Lab 07 Determining Molar Mass by Freezing Point Depression

Lab 07 Determining Molar Mass by Freezing Point Depression...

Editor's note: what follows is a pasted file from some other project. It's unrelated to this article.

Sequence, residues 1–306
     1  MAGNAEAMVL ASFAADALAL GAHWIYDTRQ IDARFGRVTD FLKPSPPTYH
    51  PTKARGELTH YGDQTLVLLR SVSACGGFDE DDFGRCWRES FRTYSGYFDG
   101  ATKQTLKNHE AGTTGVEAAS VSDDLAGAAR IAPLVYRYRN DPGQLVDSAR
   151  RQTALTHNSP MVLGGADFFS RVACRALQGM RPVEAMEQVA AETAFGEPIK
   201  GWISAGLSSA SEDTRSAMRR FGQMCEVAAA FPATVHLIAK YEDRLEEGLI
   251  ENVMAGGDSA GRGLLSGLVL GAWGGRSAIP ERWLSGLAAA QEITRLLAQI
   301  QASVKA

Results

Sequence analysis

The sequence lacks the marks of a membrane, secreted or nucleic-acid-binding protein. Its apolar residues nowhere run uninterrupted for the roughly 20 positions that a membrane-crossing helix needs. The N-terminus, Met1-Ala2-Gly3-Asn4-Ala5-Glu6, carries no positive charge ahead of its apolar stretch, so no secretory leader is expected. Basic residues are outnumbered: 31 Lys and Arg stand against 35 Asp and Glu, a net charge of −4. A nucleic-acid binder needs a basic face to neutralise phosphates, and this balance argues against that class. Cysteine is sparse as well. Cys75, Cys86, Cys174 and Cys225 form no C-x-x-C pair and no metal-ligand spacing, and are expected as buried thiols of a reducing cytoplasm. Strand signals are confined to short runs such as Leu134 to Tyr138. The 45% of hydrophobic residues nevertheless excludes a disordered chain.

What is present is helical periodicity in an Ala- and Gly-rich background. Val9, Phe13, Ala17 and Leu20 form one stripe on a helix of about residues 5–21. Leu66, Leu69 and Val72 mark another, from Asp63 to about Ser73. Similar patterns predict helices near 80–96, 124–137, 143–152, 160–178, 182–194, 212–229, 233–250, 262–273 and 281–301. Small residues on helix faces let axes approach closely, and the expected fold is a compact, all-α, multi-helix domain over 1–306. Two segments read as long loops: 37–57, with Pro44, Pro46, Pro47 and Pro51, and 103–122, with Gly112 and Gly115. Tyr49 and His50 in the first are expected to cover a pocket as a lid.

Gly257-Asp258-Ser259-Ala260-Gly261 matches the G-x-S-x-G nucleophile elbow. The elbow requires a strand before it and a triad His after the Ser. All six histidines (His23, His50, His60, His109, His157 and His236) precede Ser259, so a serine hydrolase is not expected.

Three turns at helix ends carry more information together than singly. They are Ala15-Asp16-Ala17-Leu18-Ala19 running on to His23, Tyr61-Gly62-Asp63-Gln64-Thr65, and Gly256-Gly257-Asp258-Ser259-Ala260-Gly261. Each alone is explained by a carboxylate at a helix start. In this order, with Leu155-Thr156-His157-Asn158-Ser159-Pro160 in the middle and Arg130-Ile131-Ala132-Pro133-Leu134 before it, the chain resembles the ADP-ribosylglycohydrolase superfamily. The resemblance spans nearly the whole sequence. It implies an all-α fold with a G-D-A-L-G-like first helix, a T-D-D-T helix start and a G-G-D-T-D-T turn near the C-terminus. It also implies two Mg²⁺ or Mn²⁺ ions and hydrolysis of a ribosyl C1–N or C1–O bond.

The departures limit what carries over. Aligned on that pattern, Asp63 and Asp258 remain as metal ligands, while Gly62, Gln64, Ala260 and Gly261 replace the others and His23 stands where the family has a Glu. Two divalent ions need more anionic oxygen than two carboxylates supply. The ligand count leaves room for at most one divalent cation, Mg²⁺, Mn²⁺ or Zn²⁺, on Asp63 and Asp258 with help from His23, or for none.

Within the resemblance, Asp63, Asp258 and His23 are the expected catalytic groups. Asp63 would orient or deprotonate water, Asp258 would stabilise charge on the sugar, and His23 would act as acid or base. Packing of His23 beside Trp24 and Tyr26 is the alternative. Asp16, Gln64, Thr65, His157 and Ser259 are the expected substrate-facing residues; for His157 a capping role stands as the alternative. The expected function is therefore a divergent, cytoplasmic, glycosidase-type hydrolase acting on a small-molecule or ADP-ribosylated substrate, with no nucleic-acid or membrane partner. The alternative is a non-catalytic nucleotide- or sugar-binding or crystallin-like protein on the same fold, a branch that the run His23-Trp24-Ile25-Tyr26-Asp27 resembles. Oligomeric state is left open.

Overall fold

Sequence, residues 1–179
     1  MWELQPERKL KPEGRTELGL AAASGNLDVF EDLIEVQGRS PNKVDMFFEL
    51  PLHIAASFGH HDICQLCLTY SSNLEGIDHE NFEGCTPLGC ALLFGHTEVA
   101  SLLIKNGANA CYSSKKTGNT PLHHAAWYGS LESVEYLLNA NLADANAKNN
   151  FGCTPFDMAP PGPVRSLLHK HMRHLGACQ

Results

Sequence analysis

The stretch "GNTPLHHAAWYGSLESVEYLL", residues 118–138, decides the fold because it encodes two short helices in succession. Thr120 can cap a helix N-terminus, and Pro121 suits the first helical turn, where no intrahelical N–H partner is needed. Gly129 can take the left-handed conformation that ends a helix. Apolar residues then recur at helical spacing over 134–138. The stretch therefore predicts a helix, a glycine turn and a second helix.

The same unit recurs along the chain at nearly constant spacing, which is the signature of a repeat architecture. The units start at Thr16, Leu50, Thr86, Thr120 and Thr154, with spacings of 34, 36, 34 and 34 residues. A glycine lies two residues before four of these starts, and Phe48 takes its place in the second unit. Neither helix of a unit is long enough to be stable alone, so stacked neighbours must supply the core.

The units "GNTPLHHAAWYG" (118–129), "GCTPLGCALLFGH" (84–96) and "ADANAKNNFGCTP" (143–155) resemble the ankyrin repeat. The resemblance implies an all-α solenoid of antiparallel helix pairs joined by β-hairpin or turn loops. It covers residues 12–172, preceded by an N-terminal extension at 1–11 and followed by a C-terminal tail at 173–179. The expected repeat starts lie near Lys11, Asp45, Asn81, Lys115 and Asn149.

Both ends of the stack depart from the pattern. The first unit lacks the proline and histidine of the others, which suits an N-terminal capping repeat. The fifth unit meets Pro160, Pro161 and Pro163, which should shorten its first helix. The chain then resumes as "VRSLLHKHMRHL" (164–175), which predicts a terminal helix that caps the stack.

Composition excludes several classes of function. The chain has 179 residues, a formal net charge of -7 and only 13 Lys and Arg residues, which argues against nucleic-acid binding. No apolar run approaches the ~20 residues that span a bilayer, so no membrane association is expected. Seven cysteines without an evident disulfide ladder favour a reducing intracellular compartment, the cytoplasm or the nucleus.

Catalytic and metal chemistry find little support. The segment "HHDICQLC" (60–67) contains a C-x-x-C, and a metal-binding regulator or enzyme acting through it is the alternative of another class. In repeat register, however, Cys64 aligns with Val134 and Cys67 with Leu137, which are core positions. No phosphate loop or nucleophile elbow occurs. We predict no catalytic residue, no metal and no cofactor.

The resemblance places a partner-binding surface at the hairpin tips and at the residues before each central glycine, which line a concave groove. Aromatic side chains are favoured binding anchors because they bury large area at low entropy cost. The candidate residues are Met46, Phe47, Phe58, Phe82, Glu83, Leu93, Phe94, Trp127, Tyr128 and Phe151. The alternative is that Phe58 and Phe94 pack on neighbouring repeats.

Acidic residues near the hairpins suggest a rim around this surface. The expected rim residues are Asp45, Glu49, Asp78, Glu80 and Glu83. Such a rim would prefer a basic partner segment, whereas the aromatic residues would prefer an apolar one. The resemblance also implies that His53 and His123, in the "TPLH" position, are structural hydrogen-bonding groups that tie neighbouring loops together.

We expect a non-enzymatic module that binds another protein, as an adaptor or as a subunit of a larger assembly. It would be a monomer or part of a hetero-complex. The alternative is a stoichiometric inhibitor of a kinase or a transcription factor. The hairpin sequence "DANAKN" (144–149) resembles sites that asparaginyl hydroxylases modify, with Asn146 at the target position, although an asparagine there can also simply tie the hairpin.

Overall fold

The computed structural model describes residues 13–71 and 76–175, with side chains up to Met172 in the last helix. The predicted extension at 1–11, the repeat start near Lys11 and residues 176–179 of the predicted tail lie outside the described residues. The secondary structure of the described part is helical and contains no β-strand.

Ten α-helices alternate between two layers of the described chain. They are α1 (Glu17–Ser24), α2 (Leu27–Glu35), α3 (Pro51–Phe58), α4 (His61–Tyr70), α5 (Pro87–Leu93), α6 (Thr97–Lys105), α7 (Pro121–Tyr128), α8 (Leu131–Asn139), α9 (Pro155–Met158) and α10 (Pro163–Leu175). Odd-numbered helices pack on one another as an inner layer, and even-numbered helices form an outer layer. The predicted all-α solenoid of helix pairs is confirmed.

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Unformatted text preview: AP Chemistry Lab #7 Lab #7: Determining Molar Mass by Freezing Point Depression Background Information: Chemistry is the study of the chemical and physical properties of substances. The type of property that will be explored in this experiment is the colligative property. Colligative properties are those that only depend on the amount of a substance present, not on its identity. Examples of these properties include the lowering of vapor pressure, the elevation of boiling point, the depression of the freezing point, and osmotic pressure. The particular property that will be examined in this experiment is that of freezing point depression. Chemists have found that when a solute is dissolved in a solvent, the freezing point of the solvent gets lower. A practical application of this phenomenon is used when salt is placed on roadways that have been covered with snow and ice. The salt dissolves in the water and lowers the freezing point. If enough salt is dissolved in the water, the freezing point of the water can be lowered well below the outside temperature causing the ice and snow to melt and run off of the roadway making them safer to drive on. This experiment will not use water and salt to observe the freezing point depression. Instead, lauric acid will be used as the solvent and benzoic acid will be the solute. A variety of runs will be done using different concentrations of benzoic acid in the lauric acid. The mathematical equation the describes freezing point depression is ΔTf = i Kf × Molality where ΔT is the number of degrees that the freezing point is lowered, Kf is a constant for a particular solvent, and m is the concentration of the solute expressed as molality. Molality is kg of solvent moles of solute. The variable, i, is the van’t Hoff factor and it describes the number of particles that a substance would break into as it dissolves. For example, ionic substances may have a van’t Hoff factor greater than 1. Sodium chloride, NaCl, would have a van’t Hoff factor of i = 2. Magnesium chloride, MgCl2, would have a factor of i = 3. Molecular substances will most likely have a factor of 1 since they don’t dissociate upon dissolving. The substances that are being used in this experiment are all molecular so i = 1. Objectives: 1. To experimentally determine the molar mass of benzoic acid by the colligative property of freezing point depression. Pre-lab Exercises: 1. What is a colligative property? 2. Explain what happens, on a molecular or ionic level, to the following when they dissolve in water: a. glucose b. sodium chloride c. sodium sulfate 3. Find the theoretical melting point of lauric acid. What is its chemical structure? Materials: Lauric acid, C12H24O2 (s) Benzoic acid Tap Water Stop-Watch or Timer Hot Plate Thermometer Ring Stand Test Tube Test Tube Clamp Large Beaker (600 mL or 800 mL) Page 1 of 3. AP Chemistry Lab #7 Procedure: Part A: Determination of the melting point of pure lauric acid. 1. Set up ring stand and test tube clamp beside the hot plate. 2. Use a small piece of paper that has been creased in the middle, weigh out about 10 g of solid lauric acid. Record the actual mass of the lauric acid used. Place the lauric acid into the test tube. 3. Fill the large beaker about ¾ full with tap water. 4. Place beaker with water on hot plate and start heating water. 5. Place test tube in beaker and heat until the lauric acid is completely melted (be sure to stir the lauric acid carefully with the thermometer). 6. Once the lauric acid is completely melted, carefully remove the lauric acid from the hot water and allow it to cool. Keep the beaker of water warm for later trials. 7. Record the temperature every 30 seconds until the temperature reaches approximately 35°C. Part B: Determination of the freezing point of lauric acid/benzoic acid mixture 8. Use a small piece of paper that has been creased in the middle, weigh out about 1.0 g of benzoic acid and place into the test tube with the lauric acid. Record the actual mass of the benzoic acid used. 9. Using the hot water from the trial with pure lauric acid, place test tube in beaker and heat until the lauric acid/benzoic acid mixture is completely melted. (Be sure to stir the lauric acid carefully with the thermometer.) 10. Once the mixture is completely melted, carefully remove it from the hot water and allow it to cool. 11. Record the temperature every 30 seconds until the temperature reaches approximately 25°C. 12. Repeat steps 8 through 11 two more times increasing the amount benzoic acid by about 1.0 g each time. Record the total mass of benzoic acid used with each trial. Observations: (This table can be extended if needed.) Time Trial 1 (____ g lauric acid) Trial 2 (____ g lauric acid + ______ g benzoic acid) Trial 3 (___ g lauric acid + _____ g benzoic acid) 0:30 1:00 1:30 2:00 2:30 3:00 3:30 4:00 4:30 5:00 5:30 6:00 6:30 7:00 7:30 Page 2 of 3. Trial 4 (_____ g lauric acid + _____ g benzoic acid) AP Chemistry Lab #7 Analysis: 1. Graph the temperature data with temperature on the y-axis and time on the x-axis. If done carefully, all three sets of data can be plotted on the same graph in different colors. Label all axis and scales. Provide a legend and a title. 2. Determine the freezing point for each trial from the graph. Label them on the graph. 3. Determine the ΔTf for each trial. 4. The Kf for lauric acid is 3.90 °C • kg /mol. Use this information, along with the data that has been accumulated in this lab to calculate the molality of each solution (Trial 2 to 4). 5. Using the molality equation and the rest of the data collected during this lab, calculate the molar mass of benzoic acid from each trial and average the best trials. Evaluation: 1. State the chemical formula of benzoic acid. Determine its theoretical molar mass. 2. Calculate the molar mass percent error using the average experimental value determined for benzoic acid. 3. In the pre-lab exercise, the theoretical melting point of lauric acid was found. Determine the % error of your experimental lauric acid melting point. Does this error affect the molar mass determination of benzoic acid? Explain. 4. Describe two sources of error and how they affected your experimental molar mass. 5. Do you think the same experimental technique could be used to determine the molar mass of any solids? Explain your answer. Conclusion: Summarize what you have learned from this lab. Page 3 of 3. ...